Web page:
The cornea is your eye’s clear, outermost layer, which is critical to focusing your vision. Although transparent, the cornea is actually an intricate, highly organized tissue. Yet, unlike most of your body’s tissues, your cornea doesn’t have blood vessels to protect against infection. The cornea’s nourishment comes from tears, and a fluid that lies behind it called “aqueous humor.”

The cornea is made up of five important layers:

  • Epithelium is the cornea’s outermost layer. The epithelium primarily blocks foreign material such as dust, water and bacteria. Its smooth surface also allows oxygen and nutrients from tears to be absorbed and distributed to the cornea’s inner layers.
  • Bowman’s membrane is a thin film of tissue made up of hearty protein fibers, also referred to as collagen. If injured, this layer is at risk of scarring and can lead to vision loss.
  • Stroma is the thickest of the cornea’s layers. The stroma layer is composed mainly of water and collagen, which is what maintains its transparency and shape.
  • Descemet’s membrane is a thin, yet strong film of tissue made of collagen fibers. Decemet’s membrane protects against injury and infection, and repairs itself easily after injury.
  • Endothelium is the cornea’s innermost layer. This layer is responsible for pumping out excess fluid that normally leaks slowly from inside the eye into the stroma. It contains endothelial cells that keep the eye clear.


Whenever you blink, a thin layer of tears covers the cornea to keep your eye moist. It also helps wounds heal and protects against infection. This tear film is made up of three layers, which are important to proper eye health.

  • The top lipid layer is made of oil that keeps tears from evaporating too quickly from the eye.
  • The middle aqueous layer provides nutrients, elements, and proteins for corneal wound repair and resistance against infection.
  • The bottom mucin layer helps spread the aqueous layer across the eye so that it remains wet.


  • Injuries. The cornea usually heals on its own after minor injuries or scratches. A deeper injury can cause corneal scarring which can impair vision and possibly lead to vision loss.
  • Allergies caused by pollen, especially if the environment is warm and dry. This is what causes our eyes to itch, burn, turn red, water up and generally feel irritated.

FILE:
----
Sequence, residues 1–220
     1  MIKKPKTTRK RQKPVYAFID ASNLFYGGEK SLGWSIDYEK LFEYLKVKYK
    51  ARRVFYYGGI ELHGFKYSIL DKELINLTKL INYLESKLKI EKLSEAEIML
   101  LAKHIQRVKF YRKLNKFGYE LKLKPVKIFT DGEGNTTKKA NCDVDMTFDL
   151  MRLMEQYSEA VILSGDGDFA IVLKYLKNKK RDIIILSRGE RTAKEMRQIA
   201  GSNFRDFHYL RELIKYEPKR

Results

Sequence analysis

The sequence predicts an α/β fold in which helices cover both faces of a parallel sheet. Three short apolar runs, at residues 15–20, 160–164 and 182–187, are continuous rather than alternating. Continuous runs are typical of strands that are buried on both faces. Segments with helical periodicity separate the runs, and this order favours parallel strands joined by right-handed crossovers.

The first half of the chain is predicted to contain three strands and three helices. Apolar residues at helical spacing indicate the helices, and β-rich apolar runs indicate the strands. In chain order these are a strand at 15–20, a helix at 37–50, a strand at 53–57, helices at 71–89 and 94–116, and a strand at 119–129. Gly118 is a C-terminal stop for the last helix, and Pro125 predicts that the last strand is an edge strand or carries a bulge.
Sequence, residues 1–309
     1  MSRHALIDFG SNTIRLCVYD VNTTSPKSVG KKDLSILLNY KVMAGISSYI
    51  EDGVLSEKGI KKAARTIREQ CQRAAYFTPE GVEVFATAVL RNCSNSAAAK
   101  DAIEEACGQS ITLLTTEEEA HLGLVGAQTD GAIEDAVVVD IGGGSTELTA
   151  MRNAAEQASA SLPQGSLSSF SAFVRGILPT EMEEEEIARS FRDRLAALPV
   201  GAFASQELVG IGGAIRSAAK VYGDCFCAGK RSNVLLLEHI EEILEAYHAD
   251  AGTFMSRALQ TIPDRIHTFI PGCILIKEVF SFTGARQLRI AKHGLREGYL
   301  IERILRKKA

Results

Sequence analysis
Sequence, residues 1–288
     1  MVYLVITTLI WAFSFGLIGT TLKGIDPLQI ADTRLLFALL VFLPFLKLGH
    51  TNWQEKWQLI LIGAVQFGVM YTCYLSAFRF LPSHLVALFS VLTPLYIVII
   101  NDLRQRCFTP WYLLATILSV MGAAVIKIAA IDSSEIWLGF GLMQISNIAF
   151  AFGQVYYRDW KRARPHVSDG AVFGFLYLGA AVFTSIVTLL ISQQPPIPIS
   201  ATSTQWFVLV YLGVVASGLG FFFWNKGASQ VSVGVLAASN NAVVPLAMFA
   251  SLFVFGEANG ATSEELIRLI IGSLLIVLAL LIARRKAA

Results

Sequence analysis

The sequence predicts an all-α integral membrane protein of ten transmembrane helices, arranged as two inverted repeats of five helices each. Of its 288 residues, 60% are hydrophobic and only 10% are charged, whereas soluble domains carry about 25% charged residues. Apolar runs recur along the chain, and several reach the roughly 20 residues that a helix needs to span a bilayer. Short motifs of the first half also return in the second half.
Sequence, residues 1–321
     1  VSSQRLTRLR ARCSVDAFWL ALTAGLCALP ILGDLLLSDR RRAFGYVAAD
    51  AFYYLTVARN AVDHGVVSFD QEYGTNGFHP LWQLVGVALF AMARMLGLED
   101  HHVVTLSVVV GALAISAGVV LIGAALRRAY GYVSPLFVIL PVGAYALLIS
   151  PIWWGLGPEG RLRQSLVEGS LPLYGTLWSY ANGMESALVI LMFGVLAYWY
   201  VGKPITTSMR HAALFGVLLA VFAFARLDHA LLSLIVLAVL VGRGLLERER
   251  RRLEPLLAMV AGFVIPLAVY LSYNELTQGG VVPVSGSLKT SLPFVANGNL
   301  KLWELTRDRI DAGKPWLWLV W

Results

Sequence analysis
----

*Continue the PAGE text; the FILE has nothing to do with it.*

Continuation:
• Keratitis, an inflammation of the cornea. Infectious keratitis is the most common. This is caused by bacteria, viruses, fungi or parasites in the eye, or wearing contacts with poor hygiene. Noninfectious keratitis can be caused by minor injury or wearing contact lenses too long.
  • Dry eye syndrome occurs when your eyes produce fewer or lower quality tears to keep the eye’s surface lubricated. Dry eye symptoms include a scratchy feeling as if something is in your eye, stinging, burning, eye discharge, or pain and redness. Dry Eye Institutes of America™ is a separate clinic within our practice dedicated to the diagnosis and treatment of this common, easily treatable condition.


A corneal dystrophy occurs when one or more parts of the cornea lose normal clarity. This is due to a buildup of material that clouds the cornea. Corneal dystrophies are usually inherited, affect both eyes, and progress gradually. Different types of dystrophies include:

  • Keratoconus, which causes the middle of the cornea to become thin, bulge outward, and form a rounded cone shape. This can result in blurred vision, nearsightedness, astigmatism and increased sensitivity to light.

  • Fuch’s Dystrophy is caused by fluid leaking into the cornea because the endothelial cells have weakened. This can result in corneal swelling and vision loss due to excess fluid leaking into the cornea.
  • Atrogenic Ectasia is a very rare case where laser vision correction may lead to weakness in the cornea, similar to what is seen in keratoconus
  • Pellucid Marginal Degeneration
  • Epithelial Basement Membrane Dystrophy also known as Map Dot Fingerprint Dystrophy